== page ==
What is a complete blood count (CBC)?
Cancers diagnosed: All
Why performed: The CBC is a common screening test. It does not determine a specific type of cancer. The results may lead the physician to order other blood tests and imaging studies that determine the presence of cancer. Chemotherapy and radiation treatments may affect any or all of the tests that make up a CBC. Therefore, a CBC or any part of it is used to monitor treatment.
Patient preparation: No special preparation is needed.
Steps of the procedure: A small sample of blood is collected from a vein and placed in a tube. In children, blood may be obtained from a capillary in the heel or finger.
After the procedure: A small gauze or cotton ball is applied at the site of needle insertion. The patient is asked to apply pressure. The person collecting the blood observes the site for bleeding and may apply a bandage. The bandage may usually be removed in thirty to sixty minutes.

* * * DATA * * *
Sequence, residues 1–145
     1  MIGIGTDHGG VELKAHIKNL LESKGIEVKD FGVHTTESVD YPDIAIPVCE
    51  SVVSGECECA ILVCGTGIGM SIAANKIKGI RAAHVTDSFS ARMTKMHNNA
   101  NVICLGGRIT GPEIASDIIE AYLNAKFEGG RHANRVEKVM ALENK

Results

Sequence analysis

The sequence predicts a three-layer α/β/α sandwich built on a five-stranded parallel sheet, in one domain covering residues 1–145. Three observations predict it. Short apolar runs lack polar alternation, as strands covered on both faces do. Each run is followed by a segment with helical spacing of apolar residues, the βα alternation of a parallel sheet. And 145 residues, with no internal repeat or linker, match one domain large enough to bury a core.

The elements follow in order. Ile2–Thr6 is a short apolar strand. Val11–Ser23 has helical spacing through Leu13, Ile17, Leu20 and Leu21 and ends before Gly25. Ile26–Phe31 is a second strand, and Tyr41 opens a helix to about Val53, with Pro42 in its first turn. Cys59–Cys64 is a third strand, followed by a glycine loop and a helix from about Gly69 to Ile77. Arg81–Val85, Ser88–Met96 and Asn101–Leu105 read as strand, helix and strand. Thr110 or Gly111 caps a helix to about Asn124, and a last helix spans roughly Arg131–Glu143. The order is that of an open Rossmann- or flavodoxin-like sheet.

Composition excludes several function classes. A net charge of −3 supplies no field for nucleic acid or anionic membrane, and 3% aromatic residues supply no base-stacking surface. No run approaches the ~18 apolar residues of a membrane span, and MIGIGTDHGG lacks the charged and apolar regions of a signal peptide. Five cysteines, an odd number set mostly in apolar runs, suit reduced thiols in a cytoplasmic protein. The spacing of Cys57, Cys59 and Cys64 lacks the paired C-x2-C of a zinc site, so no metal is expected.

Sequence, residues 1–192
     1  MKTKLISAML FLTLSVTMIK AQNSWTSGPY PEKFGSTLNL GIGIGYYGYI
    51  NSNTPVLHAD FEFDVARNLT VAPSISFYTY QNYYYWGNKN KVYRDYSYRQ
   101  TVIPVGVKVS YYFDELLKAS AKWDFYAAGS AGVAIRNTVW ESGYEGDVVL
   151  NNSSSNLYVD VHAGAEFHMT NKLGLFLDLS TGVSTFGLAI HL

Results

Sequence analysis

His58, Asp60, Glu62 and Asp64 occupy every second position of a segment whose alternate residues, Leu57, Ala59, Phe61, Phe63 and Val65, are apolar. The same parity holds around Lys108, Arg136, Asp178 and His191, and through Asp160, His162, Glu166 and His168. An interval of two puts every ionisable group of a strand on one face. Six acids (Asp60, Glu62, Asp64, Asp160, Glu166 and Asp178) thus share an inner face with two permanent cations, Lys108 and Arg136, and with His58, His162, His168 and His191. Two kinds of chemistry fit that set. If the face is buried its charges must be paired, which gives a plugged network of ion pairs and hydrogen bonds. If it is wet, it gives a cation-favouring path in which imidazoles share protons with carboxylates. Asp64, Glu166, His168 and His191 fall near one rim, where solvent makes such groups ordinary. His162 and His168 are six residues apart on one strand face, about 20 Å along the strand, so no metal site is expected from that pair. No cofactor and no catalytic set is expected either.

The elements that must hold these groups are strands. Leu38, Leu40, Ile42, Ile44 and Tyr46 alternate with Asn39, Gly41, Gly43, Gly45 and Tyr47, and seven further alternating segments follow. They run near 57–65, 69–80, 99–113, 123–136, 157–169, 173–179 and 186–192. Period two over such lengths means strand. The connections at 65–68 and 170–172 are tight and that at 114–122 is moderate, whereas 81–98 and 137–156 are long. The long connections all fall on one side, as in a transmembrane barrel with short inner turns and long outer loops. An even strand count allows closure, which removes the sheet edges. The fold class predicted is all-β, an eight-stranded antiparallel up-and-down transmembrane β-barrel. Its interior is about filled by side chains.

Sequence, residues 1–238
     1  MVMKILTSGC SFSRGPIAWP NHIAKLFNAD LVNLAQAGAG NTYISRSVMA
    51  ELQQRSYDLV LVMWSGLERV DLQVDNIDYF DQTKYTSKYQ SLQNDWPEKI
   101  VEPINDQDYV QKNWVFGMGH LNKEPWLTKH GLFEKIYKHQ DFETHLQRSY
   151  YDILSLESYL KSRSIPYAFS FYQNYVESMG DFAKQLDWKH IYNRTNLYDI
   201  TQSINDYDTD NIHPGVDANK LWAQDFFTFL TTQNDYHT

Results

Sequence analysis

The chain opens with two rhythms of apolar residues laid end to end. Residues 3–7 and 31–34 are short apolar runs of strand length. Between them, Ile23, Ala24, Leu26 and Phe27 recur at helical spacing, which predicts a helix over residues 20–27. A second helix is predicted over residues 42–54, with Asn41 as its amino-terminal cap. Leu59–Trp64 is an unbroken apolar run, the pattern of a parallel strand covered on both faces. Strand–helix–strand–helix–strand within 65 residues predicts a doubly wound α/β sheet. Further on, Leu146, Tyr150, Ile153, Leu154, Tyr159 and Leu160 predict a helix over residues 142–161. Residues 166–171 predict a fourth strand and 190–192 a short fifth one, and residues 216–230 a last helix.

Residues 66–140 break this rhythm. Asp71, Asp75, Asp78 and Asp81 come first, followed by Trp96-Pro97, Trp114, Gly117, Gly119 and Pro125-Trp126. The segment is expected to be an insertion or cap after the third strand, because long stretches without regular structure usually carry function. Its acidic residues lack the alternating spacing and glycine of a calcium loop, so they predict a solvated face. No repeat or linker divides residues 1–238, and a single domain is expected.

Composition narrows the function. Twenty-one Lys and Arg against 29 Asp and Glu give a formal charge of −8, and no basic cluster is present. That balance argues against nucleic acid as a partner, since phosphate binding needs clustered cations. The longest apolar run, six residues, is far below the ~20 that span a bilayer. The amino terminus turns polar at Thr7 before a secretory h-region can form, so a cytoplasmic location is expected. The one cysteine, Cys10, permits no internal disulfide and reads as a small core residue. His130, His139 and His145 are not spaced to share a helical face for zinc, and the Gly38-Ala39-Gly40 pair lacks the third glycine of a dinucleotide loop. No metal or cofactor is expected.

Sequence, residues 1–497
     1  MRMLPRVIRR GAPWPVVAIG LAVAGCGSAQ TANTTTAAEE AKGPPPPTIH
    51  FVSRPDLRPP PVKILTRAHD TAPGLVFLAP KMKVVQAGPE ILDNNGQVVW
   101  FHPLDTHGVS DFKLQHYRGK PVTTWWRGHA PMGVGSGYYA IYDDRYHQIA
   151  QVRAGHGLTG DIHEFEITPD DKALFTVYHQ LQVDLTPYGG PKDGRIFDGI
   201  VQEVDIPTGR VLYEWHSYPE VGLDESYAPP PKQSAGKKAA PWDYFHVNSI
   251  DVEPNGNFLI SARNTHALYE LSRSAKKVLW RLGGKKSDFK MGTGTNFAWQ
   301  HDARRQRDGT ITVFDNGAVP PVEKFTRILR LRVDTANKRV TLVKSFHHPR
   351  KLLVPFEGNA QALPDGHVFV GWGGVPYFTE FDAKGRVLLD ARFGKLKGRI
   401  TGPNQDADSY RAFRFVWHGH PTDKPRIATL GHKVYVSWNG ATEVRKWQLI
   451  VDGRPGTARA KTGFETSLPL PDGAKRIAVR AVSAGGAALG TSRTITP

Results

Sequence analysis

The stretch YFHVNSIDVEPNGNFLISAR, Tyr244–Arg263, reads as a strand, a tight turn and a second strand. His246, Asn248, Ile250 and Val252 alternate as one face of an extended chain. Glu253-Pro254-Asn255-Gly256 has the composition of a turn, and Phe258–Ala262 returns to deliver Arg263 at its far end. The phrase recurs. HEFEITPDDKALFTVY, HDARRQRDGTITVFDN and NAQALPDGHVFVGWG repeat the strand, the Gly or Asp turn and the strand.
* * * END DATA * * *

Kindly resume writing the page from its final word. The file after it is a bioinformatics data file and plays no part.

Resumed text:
Risks: The risks of CBC include bleeding, bruising, hematoma (bleeding under the skin), fainting, light-headedness, or multiple needlesticks to obtain a sample.
Results: Normal CBC levels vary by the patient’s sex and age and the analyzer used. Each laboratory establishes a set of normal ranges based on this information. The physician receives a report of the test results with the normal values. CBC results may be higher or lower than normal depending on the type of cancer, treatment, any bleeding, or infectious processes taking place.
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